London is an interesting place for anyone to live but really hard to define. Each day is different, depending on your mood. I used to say it was the loneliest place on earth to live, as there’s a kind of social overload, with so many people crammed together, people are naturally less open to interaction. But having moved around a bit and getting a bit of time away, I don’t see it like that anymore. I think it’s just easier to settle for that perspective, but totally possible to break through it, with a little effort. It’s a great place to meet interested and like-minded people and you’re never far away from something fun to do.

It’s also made up of a really diverse range of settings, from industrial skylines to Renaissance architecture. I’d say working there as an illustrator or artist has it’s ups and downs. The endless amount of creatives trying to make their way there can make you feel quite lost as an individual, but this is probably healthy in the long run as it forces you to stand out. It’s also an endlessly inspirational experience. There’s definitely no room for the mundane in London.

How would you best describe who you are as an artist?

That’s a really tough thing to do. I think if I begin defining myself, I’ll be less open to moving forward with my work. so I’d rather look at my career as a work in progress.

Your work combines a variety of traditional techniques and digital processes, mostly in your signature black and white style. Would you mind elaborating on your interest in the veils and headpieces that adorn your predominantly female subjects?

I’m combining symbolic elements, which together describe an idea, mood, intention, place and/or time and the headdresses and veils are a part of that. For me, I’m particularly drawn to animal headdresses because they can talk about the inner workings of a person, whether cautious, fierce, stoic or anything in between, there’s usually an animal which seems to embody one of those dispositions perfectly.

Has being an artist affected your personal life?

It has yes. It’s definitely been tough trying to find a balance, but I’m lucky that the people close to me understand and support what I do. It’s unlike most other jobs where I clock off at the end of the day, so my personal life and professional life have become synonymous.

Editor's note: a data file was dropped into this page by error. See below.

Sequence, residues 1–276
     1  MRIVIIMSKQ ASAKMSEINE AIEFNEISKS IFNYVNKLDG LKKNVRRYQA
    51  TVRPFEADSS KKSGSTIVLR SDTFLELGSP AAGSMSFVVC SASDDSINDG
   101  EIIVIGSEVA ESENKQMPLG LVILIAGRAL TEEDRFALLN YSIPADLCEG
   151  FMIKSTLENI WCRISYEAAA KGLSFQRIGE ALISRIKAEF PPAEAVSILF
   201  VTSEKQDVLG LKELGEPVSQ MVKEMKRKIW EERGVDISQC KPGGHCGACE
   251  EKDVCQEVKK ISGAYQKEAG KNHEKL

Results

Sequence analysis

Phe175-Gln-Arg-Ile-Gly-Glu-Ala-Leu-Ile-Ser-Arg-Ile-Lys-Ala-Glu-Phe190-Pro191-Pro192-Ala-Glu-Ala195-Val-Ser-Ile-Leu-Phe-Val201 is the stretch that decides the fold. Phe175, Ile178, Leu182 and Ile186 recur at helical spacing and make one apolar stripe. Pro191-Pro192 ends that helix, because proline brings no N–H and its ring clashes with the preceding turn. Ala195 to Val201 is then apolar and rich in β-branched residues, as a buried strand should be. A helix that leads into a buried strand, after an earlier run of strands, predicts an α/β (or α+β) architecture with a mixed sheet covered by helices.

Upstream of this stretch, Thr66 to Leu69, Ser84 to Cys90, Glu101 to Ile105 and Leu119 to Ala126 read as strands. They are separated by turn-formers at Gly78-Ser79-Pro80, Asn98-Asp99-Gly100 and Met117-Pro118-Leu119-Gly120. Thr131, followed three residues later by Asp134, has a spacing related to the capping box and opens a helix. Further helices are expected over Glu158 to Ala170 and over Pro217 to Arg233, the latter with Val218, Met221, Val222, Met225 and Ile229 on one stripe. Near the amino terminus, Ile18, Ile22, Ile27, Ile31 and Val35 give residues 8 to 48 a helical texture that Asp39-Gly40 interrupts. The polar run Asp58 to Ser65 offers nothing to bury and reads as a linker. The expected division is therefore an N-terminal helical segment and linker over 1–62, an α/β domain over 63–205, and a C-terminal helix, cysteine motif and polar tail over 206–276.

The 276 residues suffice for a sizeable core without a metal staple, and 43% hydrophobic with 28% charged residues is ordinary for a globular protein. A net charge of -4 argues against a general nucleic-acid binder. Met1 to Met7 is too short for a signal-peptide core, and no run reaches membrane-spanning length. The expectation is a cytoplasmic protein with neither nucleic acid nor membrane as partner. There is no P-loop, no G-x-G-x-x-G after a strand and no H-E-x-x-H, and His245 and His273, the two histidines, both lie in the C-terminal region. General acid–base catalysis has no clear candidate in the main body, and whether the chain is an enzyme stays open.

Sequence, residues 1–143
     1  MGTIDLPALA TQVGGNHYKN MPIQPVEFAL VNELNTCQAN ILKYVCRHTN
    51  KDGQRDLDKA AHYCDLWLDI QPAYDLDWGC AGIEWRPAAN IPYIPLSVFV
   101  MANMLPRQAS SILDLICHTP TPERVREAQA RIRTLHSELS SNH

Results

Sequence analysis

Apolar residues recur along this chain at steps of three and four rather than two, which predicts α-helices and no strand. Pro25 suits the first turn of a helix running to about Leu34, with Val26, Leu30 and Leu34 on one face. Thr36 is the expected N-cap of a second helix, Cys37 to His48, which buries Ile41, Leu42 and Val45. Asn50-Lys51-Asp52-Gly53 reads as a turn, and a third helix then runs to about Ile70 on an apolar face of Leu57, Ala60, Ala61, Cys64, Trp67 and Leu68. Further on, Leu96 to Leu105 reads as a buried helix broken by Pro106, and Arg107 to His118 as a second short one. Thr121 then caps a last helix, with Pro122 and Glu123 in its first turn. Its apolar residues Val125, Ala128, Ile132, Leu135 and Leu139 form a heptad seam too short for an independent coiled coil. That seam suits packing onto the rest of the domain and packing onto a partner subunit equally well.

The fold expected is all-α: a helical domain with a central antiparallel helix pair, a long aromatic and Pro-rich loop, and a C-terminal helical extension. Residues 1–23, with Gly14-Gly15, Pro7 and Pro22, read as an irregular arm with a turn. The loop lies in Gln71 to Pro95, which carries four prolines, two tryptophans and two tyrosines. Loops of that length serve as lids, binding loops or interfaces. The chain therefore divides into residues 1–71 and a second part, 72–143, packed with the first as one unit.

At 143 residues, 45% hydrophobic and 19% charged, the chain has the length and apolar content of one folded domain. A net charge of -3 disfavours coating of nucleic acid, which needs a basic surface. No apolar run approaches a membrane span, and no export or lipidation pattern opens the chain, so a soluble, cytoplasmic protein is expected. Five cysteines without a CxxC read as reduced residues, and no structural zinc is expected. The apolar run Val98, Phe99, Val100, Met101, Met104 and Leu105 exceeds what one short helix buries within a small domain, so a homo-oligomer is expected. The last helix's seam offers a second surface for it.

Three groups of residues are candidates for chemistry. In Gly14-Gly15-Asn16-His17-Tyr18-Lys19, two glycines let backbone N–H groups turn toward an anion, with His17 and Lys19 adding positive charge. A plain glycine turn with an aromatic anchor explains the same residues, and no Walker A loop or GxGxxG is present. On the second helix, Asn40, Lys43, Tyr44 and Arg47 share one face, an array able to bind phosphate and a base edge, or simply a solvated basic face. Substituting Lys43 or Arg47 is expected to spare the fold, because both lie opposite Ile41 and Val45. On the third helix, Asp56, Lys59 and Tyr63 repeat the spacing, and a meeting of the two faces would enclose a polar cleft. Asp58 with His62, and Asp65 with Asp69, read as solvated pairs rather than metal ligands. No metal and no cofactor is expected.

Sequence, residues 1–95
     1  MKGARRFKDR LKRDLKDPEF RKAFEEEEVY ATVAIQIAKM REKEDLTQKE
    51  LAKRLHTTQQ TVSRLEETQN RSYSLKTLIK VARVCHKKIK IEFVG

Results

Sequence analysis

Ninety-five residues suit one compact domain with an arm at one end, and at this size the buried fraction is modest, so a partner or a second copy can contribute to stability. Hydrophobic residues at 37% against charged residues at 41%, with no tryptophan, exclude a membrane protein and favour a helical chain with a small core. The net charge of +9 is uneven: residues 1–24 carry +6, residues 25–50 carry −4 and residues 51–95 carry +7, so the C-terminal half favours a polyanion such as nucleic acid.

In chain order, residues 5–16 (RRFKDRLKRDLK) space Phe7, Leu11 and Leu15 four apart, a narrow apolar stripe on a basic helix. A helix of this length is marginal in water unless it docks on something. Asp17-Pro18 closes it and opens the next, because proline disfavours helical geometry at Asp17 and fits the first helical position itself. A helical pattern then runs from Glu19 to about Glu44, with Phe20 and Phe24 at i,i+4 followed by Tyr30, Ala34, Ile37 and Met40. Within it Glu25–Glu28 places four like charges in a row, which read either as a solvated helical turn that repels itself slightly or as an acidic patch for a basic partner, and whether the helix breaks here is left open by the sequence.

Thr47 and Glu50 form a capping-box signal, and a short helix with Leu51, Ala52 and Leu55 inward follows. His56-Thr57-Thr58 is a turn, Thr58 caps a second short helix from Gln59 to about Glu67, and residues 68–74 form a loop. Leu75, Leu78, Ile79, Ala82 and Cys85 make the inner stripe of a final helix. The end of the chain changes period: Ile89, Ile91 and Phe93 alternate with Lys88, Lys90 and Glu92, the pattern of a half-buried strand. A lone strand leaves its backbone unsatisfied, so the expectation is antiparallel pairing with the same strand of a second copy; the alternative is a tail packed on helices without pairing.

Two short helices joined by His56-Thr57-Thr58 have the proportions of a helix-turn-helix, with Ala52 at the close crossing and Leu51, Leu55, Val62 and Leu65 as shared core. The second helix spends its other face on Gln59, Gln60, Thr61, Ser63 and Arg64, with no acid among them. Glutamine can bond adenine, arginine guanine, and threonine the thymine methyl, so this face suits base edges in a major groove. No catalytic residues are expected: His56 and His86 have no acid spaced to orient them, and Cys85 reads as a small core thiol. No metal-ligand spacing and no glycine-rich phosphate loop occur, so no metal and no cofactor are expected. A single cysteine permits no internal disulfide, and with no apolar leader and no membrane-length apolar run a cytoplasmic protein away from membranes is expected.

There’s also a really extreme duality in the lifestyle this profession creates, like right now I’m sitting in an apartment in San Francisco, enjoying a coffee and overlooking the city, but that wouldn’t have been possible unless I locked myself in my studio for several months getting work ready to show. I wouldn’t change any of it though.

What is the best thing or realization that you took away from your time at University? If you could go back in time would you re-enroll?

I might re-enroll if I could go back in time, but with hindsight I wouldn’t take it as seriously as I did. I think if I’d have enjoyed it more, I would have gotten more out of it. In the end, the stress of trying to make good work for the teachers meant I made pretty bad work. That’s something I’ve learned whilst working professionally - that you have to really enjoy the work, otherwise there’ll be nothing special about it.

When did you decide to pursue art as a profession? What might you be doing if you weren’t making art?

I’ve wanted to be an artist for as long as I remember. I think the realization that it was a career came after I started making the work, because money is really a secondary factor to being creative, it’s definitely not something people get into art for. So I really don’t know what I would be doing if I weren’t making art.

How has your work changed over the years? Are you making the art that you want to make, and is it true to the underlying values that it reflects?

I’ve become far more detail oriented in my work, where a few years ago I didn’t care as much about the quality of my lines, now I work in a magnified state, on larger images and make everything clean and sharp. But this is more to make sure the work prints well and stands up to close scrutiny.

In terms of my aesthetic and subject matter, there’s been a slow change, which I enjoy, rather than sudden shifts in style and subject matter. I feel like I’ve been working with the same ideology since the beginning, but finding new areas within that world to explore as I go on. It’s definitely the work I want to make.